Our mission is to build a STEAM (science, technology, engineering, arts, math) school for girls in Senegal, West Africa. We know that when girls are educated, they can (and do!) change the world.
If you educate a man, you educate an individual. If you educate a woman, you educate a nation. - African Proverb
It’s simple — we want to empower Senegalese girls through education to serve their country as doctors, scientists, engineers, leaders, whatever their hearts desire. This, in turn, will lead to economic improvements, creating a ripple effect in healthcare, infrastructure, technological innovation and the livelihood of all people.
In 2020, we hit our first major financial milestone. Twenty percent of proceeds from every Expedition Subsahara sale is set aside in the education fund. We now have the capital to purchase the land where our school will sit. In 2021, we will seek out the perfect location for the school.
Through circumstances beyond their control, girls and young women in Senegal (and in many countries) don’t have as many opportunities to earn an education. In fact, only 39% of Senegalese women aged 15 years and older are literate, compared to 62% of men.
Economics are a top reason Senegalese girls don’t attend or finish school. According to the United Nations Educational, Scientific and Cultural Organization (UNESCO), in addition to economic reasons, unequal access to quality education, distance to school, unsafe roads and poor infrastructure of school buildings, as well as the low quality of education constitute some of many impediments to girls’ enrollment, retention and completion of education. Many families still only send boys to school, keeping girls at home to help with housework or look after siblings. Additionally, girls often marry and bear children at a young age, which prevents their completion of school.
Senegal’s Human Development Indicator (HDI) of 0.514 ranks the country 166 out of 189 countries and territories. The HDI is a summary measure for assessing long-term progress in three basic dimensions of human development: a long and healthy life, access to knowledge and a decent standard of living. Knowledge level is measured by mean years of schooling among the adult population, which is the average number of years of schooling received in a life-time by people aged 25 years and older; and access to learning and knowledge by expected years of schooling for children of school-entry age, which is the total number of years of schooling a child of school-entry age can expect to receive if prevailing patterns of age-specific enrolment rates stay the same.
A strong gender imbalance exists internationally, especially in Sub-Saharan Africa, in regards to women’s presence in the STEM fields (Science, Technology, Engineering and Mathematics). Given the rapid expansion of IT in Africa, UNESCO says that by targeting young women and providing them with the necessary 21st century skills, they will become powerful agents of change to achieve gender equality, one of the organization's strategic priorities.
According to the Global Partnership for Education, “Honing 21st century skills - problem solving, critical thinking, creativity, communication, time management and financial literacy - is critically important. Women and girls tend to leverage high value social capital compared to men and boys. In developing countries in particular, women have authentic relationships with their community members, and this allows them to be in tune with the most pressing problems of their community. A higher value social capital, combined with a social justice mindset, a STEM education, and social entrepreneurship, can lead to an increase of societal welfare.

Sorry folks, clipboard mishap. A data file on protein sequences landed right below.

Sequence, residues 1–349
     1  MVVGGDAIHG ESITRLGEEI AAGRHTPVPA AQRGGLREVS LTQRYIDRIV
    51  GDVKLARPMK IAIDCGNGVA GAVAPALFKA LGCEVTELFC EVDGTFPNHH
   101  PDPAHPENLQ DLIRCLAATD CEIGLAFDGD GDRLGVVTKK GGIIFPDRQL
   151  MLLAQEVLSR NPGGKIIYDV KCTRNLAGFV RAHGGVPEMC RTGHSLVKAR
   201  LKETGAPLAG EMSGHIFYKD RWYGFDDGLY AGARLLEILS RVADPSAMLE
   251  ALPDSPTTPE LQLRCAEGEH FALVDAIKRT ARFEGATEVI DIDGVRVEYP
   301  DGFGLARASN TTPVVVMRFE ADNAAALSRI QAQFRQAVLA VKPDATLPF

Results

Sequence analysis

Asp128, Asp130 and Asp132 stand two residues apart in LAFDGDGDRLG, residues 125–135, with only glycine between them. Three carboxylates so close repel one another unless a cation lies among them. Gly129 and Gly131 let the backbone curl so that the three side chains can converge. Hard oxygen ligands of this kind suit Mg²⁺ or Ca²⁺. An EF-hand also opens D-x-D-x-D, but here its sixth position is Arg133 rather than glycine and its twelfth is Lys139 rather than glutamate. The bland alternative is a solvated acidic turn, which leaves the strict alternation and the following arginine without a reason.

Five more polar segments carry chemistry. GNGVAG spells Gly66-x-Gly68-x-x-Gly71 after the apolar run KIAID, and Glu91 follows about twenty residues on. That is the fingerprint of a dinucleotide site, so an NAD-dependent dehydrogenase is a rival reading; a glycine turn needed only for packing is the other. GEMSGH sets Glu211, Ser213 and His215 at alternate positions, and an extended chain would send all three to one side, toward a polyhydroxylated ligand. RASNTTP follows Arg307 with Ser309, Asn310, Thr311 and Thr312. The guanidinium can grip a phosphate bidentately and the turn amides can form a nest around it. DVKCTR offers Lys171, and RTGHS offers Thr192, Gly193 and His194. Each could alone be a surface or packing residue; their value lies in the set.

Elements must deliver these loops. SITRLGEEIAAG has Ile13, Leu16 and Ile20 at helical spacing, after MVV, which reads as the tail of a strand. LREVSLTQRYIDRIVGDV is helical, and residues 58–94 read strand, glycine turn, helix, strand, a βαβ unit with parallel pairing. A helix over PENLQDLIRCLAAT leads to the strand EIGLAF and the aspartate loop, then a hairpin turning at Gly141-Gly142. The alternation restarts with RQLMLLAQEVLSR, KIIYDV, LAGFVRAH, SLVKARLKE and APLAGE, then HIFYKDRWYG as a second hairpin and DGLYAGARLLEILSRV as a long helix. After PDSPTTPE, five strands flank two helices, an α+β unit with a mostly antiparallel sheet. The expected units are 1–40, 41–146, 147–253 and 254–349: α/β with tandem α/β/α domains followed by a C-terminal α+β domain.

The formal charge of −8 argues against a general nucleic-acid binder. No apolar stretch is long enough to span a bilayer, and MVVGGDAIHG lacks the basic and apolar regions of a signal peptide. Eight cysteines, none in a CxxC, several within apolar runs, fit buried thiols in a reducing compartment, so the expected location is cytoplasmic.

By increasing the number of female problem solvers and changemakers, we can alter the allocation of scarce resources to solve community problems. In a world infused with technology at every level, the right allocation of resources to solve the right problems becomes paramount. It is time to unlock women’s and girl’s potential in STEM!”
UNESCO (and Expedition Subsahara) strongly believes in empowering young people, particularly young women, through Computer science programming, such as those in the STEM fields. We don’t want finances, access, or quality of education to prevent girls from furthering their education in STEAM fields. We believe women should have the education and tools needed to choose her own destiny.
Twenty percent of each product sold is set aside in an education fund for the school. Once the funds are raised, our dedicated team will start construction. Below are some estimated costs based on World Bank and UNICEF estimates for building a school in Sub Saharan Africa.
- Cost of Land: Approximately $55,000
- 4 Classrooms, $7,200 per classroom = $28,800
- 2 Restrooms, $5,000 each = $10,000
- 2 Computer/Robotic Labs $25,000 each = $50,000
- 1 Teacher/Staff Room $7,200
- 1 Library $10,000
- 1 Cafeteria/Kitchen, Approximately $50,000
Total to raise: $211,000 (plus ongoing funds to keep the school operating).
If you want to go fast, go alone. If you want to go far, go together. - African Proverb
We have a small team of seven who work tirelessly to bring Expedition Subsahara customers quality, authentic African goods and accessories. Together, we can make our dream a reality!
Thank you for your support!